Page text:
The Dallas Morning News reports a jury awarded nearly $3 million to a North Texas couple last week who sued a drilling company over alleged contamination of their 40-acre ranch.
Bob and Lisa Parr filed suit against Aruba Petroleum of Plano, Texas in 2011, alleging spills and emissions from the company’s hydraulic fracturing operations had contaminated their 40-acre ranch near Decatur, Texas. The plaintiffs said the pollution sickened them – as well as pets and livestock -- and, at times, forced them out of their home for months.
Other landowners also have sued drilling companies and agreed to settlements, but the firm representing the Parrs believes the landmark $2.95-million civil verdict reached by a six-person jury in Dallas last week is the first of its kind.
The Associated Press does not appear to have reported the story, but the AP did conduct a survey last month that revealed America -- as a whole -- would benefit from increased oil and natural gas exports.
The Associated Press surveyed private, corporate and academic economists on a range of issues. Of the 30 economists participating, nearly 90 percent responded that more U.S. exports of oil and natural gas would benefit the economy.
According to the survey, increased shipments would encourage investment in oil and gas production and transportation, create jobs, and reduce America’s burdensome trade deficit.
Those opposed to U.S. energy exports believe the move could make it more expensive for Americans to heat their homes and fuel their cars.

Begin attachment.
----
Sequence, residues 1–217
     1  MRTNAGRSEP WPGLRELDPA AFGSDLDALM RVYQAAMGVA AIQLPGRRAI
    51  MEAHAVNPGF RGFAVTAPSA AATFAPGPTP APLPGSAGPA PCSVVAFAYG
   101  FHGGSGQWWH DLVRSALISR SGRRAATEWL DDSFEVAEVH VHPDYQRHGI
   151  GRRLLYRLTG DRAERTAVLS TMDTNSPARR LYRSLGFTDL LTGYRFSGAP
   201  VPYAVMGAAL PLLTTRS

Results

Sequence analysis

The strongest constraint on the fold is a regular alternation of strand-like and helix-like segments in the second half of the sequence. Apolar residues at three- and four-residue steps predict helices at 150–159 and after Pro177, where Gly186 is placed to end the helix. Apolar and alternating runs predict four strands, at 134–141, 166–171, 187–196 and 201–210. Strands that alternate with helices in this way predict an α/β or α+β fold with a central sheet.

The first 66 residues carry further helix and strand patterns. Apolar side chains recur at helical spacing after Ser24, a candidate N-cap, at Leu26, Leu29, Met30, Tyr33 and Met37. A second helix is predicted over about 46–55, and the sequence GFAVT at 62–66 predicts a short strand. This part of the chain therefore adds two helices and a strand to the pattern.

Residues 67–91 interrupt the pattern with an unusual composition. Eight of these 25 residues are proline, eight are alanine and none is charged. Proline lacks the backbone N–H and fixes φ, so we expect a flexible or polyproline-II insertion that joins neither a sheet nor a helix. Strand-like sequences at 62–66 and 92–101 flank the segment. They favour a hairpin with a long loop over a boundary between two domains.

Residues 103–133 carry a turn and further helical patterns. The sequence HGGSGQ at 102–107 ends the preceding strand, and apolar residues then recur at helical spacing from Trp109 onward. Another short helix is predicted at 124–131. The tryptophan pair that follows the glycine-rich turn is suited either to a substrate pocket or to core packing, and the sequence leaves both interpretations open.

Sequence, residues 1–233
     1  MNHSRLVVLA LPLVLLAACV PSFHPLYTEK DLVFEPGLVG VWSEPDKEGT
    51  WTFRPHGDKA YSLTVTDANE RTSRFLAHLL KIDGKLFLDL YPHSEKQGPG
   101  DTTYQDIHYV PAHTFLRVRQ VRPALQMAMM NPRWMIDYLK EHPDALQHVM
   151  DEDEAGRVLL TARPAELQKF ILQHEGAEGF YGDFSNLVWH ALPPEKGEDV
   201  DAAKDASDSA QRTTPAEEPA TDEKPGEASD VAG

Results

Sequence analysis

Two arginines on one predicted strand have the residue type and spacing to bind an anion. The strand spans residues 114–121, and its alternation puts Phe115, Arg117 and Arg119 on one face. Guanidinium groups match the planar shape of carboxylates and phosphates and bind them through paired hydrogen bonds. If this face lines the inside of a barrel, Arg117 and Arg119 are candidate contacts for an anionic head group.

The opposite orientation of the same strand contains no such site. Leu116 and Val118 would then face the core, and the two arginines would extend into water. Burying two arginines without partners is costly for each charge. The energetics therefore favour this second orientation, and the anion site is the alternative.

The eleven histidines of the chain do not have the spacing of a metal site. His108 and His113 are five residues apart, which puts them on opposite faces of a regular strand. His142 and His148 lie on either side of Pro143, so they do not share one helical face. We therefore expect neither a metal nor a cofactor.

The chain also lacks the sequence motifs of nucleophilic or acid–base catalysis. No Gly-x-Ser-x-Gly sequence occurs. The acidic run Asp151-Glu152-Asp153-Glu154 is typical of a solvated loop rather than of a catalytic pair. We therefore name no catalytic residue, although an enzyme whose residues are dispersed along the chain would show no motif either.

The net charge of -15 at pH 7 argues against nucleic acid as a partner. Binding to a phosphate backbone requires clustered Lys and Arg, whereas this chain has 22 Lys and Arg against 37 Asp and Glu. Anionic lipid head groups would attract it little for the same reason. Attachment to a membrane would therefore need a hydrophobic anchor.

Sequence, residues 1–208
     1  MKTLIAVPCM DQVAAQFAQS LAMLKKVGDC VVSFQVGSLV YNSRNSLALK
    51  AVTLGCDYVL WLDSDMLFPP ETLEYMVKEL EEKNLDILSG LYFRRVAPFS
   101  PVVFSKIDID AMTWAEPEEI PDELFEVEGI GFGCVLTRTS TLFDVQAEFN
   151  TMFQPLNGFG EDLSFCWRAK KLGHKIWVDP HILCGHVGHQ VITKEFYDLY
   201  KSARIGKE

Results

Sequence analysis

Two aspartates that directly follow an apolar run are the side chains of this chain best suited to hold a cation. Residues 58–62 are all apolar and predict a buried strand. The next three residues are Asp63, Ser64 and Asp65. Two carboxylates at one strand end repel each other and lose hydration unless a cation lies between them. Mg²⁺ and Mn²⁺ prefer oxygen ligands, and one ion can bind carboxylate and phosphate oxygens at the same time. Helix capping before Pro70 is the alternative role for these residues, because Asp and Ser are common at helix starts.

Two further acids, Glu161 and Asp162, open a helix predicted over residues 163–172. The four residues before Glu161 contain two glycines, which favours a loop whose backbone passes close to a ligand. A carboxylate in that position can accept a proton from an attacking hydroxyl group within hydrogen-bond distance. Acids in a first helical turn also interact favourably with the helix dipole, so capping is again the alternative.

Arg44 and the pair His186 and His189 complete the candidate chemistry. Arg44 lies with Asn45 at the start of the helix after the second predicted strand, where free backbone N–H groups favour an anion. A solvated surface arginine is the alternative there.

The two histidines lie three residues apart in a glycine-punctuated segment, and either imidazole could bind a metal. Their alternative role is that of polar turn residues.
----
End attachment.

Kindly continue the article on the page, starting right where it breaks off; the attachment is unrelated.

But even those economists who acknowledge that exports could increase fuel prices in the U.S. say the overall benefit to the economy would outweigh any possible harm.
Domestic energy production has risen dramatically in recent years, prompting energy companies to seek federal authorization to export crude and natural gas overseas, where the fuels command significantly higher prices. Currently, those shipments are restricted by antiquated energy security regulations.
Oil and gas export guidelines have been largely unchallenged for decades because demand in the U.S. – the world’s largest consumer of fossil fuels -- was rising amidst declining domestic production. That fueled a surge in energy imports, and few people envisioned that America would ever be in a position to export oil or gas.
But new drilling techniques – including a controversial method of hydraulic fracturing called fracking -- have unlocked oil and gas in formations once thought to be out of reach. This week, however, authorities announced more than a billion barrels of oil have been extracted from the Bakken Shale deep beneath parts of Montana, and North Dakota.
So far, seven terminals are authorized by the Energy Department to export natural gas, and 30 additional facilities are waiting for approval.
Low natural gas prices in the U.S. have helped reduce heating and electricity prices for residents and given U.S. manufacturers a cost advantage over their competitors in Europe and Asia.
But it is far from clear that exports would raise fuel prices or eliminate the country's competitive advantage. Natural gas is so expensive to liquefy and ship overseas that the delivered cost of U.S. gas will always be far cheaper in the U.S., where it can travel by pipeline, than it would be in Europe or Asia.
Exports are even less likely to affect prices of fuels made from oil, such as gasoline and diesel. U.S. crude oil prices have been about 10 percent cheaper than global oil prices in recent years. But consumers don't enjoy most of that benefit because exports of gasoline and diesel are NOT restricted.
Refiners have been able to buy cheaper oil in the U.S., which has helped lower their input costs. But they can then sell their fuels anywhere in the world, which allows them to receive higher global prices, whether they sell to buyers in Boston or Beijing.